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Maintaining the Yin-Yang Yung Wu Balance – Feelies Offshoot’s “Shore Leave” Reissued

Yung Wu
Shore Leave
Coyote Records / Bar/None

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Though backstory’s certainly important with a talent-freighted reissue like this, to overly expand upon it in a quick review such as we have here tends to bury the context under a rockslide of detailese that can too easily derail the central critical objective, ie its purchase worthiness. Fortunately Yung Wu vocalist Dave Weckerman provides a background narrative rich in historical nuance inside the album’s packaging (which, yes, by implication answers the worthiness question but, really, was that even in question?) meaning for our purposes here it’s enough to attribute Shore Leave, originally released in 1987 on fabled imprint Coyote Records – which co-releases here with Bar/None – as a kind of Feelies/Trypes/Speed the Plough afterthought (sidethought?) supergroup and move on.


Appearing within a year of The Good Earth and featuring that same Feelies line-up (Mercer Million Sauter and Demeski) along with John Baumgartner lending some key keyboard chops, the forever out-of-print Shore Leave is notable not only due to the legendary Hobokenists involved but as well the extent to which, however inadvertantly (perhaps?), it splits the kinetic difference between the delectably hyperactive guitaring that so giddily embellished Crazy Rhythms‘ exquisite songcraft and the relatively more subdued bucolicism that distinguished the follow-up’s equally accomplished – if differently received – tracks. Consider it, then, the best of both worlds or simply another by-any-other-name Feelies album but however viewed from whatever direction what’s most clear maybe by this reissue is why the original has been so long sought after.

Eight originals – all penned by Weckerman though reflexively bent toward the Million/Mercer prism – fleshed out by three finely curated covers, the tracklisting, especially over the course of side one, tends to ping back and forth from The Good Earth‘s roomier contours to the debut’s jumpy restlessness, as if leaning, energy-wise, slightly more rural here, slightly more urban there. Thereby, the sunny lope of “Shore Leave” giving way to “The Empty Pool,” the album’s most VU-inflected cut, which in turn cedes the stage to “Aspiration”‘s mid-tempo sally through relaxed ecstasy before the aptly-named “Spinning” unwindes like the (only barely) more soporific cousin to “Fa-Cé-La,” Mercer letting fly with one of those delightfully dexterous Feelie-rific guitar solos. In essence, then, a kind of yin-yang Yung Wu balance, it’s only mildly undone by the arrival of the first cover, an adeptly fielded take on “Big Day” from Phil Manzanera’s overlooked (we blame its cheesy travel-agency-ad cover) Diamond Head LP that, thanks primarily to Stan Demeski’s hyperlite snare work, is the definition of mellow gone double time.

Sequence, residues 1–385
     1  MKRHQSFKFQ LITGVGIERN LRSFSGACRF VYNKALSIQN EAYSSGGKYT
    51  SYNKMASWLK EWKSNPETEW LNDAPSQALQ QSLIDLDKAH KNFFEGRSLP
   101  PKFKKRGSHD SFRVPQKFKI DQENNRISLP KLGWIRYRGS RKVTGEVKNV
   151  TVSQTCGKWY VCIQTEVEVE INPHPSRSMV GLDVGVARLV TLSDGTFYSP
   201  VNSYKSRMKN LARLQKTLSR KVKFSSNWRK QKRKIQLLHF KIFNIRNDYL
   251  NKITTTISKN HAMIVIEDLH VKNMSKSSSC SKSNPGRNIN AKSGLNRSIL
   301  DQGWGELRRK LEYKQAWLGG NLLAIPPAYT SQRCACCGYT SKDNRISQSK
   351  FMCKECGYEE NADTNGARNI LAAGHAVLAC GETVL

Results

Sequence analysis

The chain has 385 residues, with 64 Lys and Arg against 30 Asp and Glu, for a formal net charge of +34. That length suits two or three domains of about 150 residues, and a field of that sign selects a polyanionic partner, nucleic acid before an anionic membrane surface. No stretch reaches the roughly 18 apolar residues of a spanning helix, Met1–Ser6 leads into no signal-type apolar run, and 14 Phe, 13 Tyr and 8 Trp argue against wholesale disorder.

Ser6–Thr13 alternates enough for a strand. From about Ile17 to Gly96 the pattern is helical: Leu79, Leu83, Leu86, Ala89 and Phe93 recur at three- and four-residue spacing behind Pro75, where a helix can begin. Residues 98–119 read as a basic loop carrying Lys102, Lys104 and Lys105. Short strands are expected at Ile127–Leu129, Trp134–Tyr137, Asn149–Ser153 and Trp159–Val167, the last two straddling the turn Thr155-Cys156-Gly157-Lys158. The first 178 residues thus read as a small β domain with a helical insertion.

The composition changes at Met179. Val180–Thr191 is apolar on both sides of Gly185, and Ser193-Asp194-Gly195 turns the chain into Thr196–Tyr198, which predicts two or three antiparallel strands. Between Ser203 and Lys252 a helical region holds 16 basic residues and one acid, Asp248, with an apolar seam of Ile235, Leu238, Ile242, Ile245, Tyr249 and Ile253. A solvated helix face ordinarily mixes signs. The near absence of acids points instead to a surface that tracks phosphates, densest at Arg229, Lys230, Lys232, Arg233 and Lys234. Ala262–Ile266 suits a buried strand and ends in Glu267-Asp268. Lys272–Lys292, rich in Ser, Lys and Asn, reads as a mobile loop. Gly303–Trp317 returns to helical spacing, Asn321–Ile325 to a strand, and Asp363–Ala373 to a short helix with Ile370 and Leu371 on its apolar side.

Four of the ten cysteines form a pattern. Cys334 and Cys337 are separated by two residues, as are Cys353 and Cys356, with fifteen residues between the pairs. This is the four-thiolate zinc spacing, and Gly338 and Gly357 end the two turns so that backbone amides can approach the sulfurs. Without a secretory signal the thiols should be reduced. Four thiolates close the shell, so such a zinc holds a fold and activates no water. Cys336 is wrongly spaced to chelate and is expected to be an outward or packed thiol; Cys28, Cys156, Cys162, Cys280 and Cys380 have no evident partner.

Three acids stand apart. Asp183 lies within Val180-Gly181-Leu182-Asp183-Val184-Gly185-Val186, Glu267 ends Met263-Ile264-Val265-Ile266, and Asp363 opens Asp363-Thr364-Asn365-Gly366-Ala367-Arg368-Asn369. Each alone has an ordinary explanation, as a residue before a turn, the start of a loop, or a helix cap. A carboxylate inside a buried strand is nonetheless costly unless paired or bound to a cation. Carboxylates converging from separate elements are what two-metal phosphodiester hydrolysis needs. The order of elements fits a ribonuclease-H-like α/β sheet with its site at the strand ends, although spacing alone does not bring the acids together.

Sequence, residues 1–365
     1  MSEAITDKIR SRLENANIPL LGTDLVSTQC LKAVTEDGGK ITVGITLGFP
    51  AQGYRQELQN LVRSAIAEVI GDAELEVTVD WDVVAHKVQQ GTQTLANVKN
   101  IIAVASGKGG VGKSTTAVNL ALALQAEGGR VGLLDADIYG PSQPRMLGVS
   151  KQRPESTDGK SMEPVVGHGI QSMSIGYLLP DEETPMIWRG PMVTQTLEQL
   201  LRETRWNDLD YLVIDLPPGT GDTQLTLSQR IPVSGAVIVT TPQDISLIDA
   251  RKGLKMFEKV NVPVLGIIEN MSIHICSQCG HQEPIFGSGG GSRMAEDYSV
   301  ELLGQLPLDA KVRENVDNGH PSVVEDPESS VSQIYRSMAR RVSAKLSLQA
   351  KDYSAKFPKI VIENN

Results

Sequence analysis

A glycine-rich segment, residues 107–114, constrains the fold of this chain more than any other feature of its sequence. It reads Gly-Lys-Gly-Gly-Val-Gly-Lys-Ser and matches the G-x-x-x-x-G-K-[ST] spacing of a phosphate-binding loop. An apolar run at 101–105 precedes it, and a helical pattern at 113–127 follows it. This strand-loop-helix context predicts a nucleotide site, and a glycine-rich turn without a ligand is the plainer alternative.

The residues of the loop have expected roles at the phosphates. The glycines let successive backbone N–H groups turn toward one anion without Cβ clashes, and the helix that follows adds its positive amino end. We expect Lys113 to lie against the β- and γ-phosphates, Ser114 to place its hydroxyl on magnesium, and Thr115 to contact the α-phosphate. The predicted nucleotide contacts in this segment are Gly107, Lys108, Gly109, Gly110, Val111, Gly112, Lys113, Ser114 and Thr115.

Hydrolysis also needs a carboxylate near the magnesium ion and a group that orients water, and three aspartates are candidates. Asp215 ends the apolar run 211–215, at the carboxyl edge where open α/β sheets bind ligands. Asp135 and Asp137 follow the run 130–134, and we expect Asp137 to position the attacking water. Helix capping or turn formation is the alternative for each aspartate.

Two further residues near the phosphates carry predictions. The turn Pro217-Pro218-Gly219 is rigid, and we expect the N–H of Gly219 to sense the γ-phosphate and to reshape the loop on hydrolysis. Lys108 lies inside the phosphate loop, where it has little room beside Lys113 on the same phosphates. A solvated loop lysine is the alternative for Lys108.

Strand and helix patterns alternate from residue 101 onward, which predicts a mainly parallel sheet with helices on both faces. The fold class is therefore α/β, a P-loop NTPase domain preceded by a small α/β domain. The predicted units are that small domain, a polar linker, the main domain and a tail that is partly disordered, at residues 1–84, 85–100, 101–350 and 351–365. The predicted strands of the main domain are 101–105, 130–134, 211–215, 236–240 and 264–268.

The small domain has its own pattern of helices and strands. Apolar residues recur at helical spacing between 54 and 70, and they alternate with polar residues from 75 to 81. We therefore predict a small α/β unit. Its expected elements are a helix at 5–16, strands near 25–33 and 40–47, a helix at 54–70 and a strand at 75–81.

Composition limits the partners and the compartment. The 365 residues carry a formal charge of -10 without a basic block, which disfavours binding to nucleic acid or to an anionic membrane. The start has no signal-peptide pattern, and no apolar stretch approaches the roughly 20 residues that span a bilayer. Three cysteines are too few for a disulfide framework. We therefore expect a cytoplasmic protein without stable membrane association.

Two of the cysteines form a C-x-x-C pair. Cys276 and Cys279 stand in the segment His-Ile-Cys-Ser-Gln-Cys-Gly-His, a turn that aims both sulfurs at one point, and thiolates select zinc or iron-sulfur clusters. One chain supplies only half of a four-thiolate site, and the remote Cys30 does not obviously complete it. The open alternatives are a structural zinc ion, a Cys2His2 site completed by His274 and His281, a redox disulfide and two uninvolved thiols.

From there, though such assured gems as “Strange Little Man” with the fluid emphasis of Brenda Sauter’s bass leading from behind, the resurrected Stones B-side “Child of the Moon,” Baumgartner doing his best workingmans’s Nicky impression, the rendition of “Powderfinger” that’s as faithful to Neil Young’s version as it is a crispier re-owning of it to “Modern Farmer” finishing things in gently breathless fashion, it’s a headlong yet somehow unhurried rush toward a quiet – one might even say unassuming – perfection. If it’s possible for a band to sound extravagantly humble, Yung Wu on their debut – and only – album Shore Leave surely meet whatever criteria might satisfy such a curious distinction. Long short, it’s very nice to have it back in circulation.